Labour History: A Journal of Labour and Social History

Stopping War and Stopping Conscription: Australian Labour’s Response to World War I in Comparative Perspective

Labour History: A Journal of Labour and Social History (2014), 106, (1), 43–67.

Abstract

In the early twentieth century, the labour movement was the most important force seeking to prevent war and restrain militarism. Comparison of the Australian labour movement’s response to World War I has been rare, but it shows the Australian experience was distinctive in two ways. Elsewhere, socialist and labour leaders engaged in a frantic round of efforts to stop the war prior to its outbreak, although most soon abandoned their opposition once the conflict had begun. In Australia, similar efforts were virtually absent. Yet during a second wave of opposition in the English-speaking countries, the Australian labour movement was uniquely successful in stopping the introduction of conscription. How can we account for these two differences? Cross-country comparison of labour’s political strength suggests that this may help to account for both.

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Footnotes

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63.Though both cabinet and caucus agreement to do even this was only secured by a very narrow margin.Jauncey, The Story of Conscription, 157–58;Fitzhardinge, The Little Digger, 179–87;Turner, Industrial Labour and Politics, 105–6;Meaney, Australia and World Crisis, 171–72. Google Scholar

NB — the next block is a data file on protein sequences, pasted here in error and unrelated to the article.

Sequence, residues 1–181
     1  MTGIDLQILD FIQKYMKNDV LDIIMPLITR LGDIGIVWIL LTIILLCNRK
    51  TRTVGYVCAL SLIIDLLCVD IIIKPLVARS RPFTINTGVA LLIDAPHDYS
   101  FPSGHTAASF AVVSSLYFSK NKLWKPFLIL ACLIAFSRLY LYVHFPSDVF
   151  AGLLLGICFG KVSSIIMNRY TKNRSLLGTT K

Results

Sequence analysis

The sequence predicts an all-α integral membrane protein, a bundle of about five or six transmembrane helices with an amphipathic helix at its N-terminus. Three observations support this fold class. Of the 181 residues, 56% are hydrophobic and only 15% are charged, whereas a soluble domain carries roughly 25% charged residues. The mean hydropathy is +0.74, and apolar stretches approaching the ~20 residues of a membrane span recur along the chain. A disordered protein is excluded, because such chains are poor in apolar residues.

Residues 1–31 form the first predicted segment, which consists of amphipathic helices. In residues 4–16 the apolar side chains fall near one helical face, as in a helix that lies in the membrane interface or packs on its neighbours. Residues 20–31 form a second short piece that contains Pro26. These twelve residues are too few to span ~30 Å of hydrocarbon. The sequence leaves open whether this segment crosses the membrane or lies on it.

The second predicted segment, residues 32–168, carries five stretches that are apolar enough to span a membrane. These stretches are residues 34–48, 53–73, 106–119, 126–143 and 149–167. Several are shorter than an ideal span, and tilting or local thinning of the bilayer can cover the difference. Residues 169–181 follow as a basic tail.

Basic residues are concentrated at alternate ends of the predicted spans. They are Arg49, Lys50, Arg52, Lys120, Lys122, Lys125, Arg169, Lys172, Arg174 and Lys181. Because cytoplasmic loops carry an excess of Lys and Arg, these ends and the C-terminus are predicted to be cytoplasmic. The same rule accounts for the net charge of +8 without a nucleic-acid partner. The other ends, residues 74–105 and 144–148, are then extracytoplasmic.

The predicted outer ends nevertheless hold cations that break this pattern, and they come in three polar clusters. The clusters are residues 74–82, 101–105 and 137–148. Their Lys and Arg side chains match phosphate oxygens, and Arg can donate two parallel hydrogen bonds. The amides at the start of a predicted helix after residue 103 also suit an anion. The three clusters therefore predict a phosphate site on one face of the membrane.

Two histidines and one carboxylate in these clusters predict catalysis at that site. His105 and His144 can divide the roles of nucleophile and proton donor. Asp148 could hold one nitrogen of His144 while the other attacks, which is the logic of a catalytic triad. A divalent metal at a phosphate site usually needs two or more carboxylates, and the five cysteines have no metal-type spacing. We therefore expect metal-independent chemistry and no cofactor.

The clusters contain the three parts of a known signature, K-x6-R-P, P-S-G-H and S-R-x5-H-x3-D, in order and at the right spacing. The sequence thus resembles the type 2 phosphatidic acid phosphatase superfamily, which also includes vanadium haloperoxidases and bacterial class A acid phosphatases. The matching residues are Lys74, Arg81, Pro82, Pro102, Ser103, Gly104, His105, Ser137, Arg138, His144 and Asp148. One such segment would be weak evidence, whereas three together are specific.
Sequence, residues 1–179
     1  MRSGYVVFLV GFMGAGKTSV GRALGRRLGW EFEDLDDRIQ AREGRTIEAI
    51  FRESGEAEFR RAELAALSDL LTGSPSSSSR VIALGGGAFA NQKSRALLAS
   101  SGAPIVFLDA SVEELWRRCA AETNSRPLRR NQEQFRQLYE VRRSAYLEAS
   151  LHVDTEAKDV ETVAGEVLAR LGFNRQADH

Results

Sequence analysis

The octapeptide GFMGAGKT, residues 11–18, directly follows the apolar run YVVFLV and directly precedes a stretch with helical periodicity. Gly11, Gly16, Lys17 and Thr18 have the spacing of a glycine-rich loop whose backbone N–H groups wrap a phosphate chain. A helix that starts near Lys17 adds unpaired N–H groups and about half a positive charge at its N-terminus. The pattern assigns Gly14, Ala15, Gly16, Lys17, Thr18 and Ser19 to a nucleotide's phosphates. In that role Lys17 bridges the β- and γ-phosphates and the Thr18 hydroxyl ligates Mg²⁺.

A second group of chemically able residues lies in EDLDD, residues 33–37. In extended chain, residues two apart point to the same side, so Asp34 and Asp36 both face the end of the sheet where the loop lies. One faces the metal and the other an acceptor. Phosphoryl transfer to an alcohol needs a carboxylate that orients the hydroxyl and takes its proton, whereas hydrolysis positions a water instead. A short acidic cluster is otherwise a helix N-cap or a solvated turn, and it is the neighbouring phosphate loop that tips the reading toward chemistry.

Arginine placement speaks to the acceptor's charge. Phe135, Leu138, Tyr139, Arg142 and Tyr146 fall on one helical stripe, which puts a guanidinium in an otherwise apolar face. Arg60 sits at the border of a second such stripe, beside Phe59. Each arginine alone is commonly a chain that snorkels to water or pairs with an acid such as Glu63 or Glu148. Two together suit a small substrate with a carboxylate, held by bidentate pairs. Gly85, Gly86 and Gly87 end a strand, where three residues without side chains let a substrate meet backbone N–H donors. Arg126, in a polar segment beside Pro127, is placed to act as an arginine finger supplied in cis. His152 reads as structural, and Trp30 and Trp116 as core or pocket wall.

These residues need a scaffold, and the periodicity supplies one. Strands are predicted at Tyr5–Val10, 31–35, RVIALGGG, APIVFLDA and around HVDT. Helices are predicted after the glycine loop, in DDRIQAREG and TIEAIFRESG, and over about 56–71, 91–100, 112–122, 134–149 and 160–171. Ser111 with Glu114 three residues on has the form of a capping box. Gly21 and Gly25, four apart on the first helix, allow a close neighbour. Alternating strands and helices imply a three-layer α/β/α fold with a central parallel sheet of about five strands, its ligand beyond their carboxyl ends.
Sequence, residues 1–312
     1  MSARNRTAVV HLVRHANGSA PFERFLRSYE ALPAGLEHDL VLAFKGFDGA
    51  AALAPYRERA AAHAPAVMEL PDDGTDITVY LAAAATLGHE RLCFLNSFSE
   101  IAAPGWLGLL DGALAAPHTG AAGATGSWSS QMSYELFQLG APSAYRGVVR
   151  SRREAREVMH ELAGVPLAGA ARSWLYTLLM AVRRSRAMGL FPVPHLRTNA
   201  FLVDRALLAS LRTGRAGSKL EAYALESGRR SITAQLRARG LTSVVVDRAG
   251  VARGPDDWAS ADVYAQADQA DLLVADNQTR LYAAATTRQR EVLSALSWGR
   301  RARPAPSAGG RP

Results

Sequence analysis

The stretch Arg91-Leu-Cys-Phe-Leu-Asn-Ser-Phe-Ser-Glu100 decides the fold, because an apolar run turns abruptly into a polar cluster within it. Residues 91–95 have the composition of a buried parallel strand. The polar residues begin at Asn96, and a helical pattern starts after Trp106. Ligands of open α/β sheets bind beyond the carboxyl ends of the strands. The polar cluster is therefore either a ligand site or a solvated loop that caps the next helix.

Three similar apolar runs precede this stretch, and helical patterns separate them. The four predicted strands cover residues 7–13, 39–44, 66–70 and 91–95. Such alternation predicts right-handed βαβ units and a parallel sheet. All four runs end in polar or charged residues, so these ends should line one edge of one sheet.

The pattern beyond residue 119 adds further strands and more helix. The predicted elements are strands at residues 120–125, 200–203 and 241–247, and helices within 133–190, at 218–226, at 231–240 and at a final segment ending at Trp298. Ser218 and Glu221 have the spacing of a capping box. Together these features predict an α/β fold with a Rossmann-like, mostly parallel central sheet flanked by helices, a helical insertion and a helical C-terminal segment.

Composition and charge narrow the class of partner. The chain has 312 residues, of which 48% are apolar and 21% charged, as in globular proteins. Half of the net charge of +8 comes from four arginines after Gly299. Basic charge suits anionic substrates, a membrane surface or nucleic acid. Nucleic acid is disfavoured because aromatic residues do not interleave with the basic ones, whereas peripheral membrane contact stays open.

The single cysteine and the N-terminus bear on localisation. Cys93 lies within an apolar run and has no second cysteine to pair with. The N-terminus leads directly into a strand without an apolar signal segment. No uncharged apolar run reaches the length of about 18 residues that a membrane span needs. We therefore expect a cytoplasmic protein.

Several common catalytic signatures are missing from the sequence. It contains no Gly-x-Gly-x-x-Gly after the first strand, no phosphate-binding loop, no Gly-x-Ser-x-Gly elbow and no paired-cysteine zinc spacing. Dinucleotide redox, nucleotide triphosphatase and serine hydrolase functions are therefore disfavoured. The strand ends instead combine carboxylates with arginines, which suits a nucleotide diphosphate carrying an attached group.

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65.Hughes had initially planned to publicise the early returns for the soldiers’ vote himself. But the results were closer than he anticipated, and a majority of soldiers at the front may have actually voted against conscription; seeTurner, Industrial Labour and Politics, 114. Google Scholar

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83.The British Liberals (though not Labour), the Canadian Liberals, the Australian Labor Party, and even (at the outset) the American Socialists all split. Even in Germany, where the SPD prided itself on its discipline, those who favoured support for war credits were prepared to break with the rest. In the end, of course, there was no need for them to do so, and the anti-war credit MPs continued to observe party discipline; seeSchorske, German Social Democracy, 291. Google Scholar

84.See the similar effect amplifying the winning party’s majority in US cities where this system was used until the 1960s inRichard EngstromandMichael D. McDonald, “The Election of Blacks to City Councils,” American Political Science Review 75, no. 2(June1981):344–54; andFarrellandMcAllister, Australian Electoral System. Google Scholar

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Archer, Robin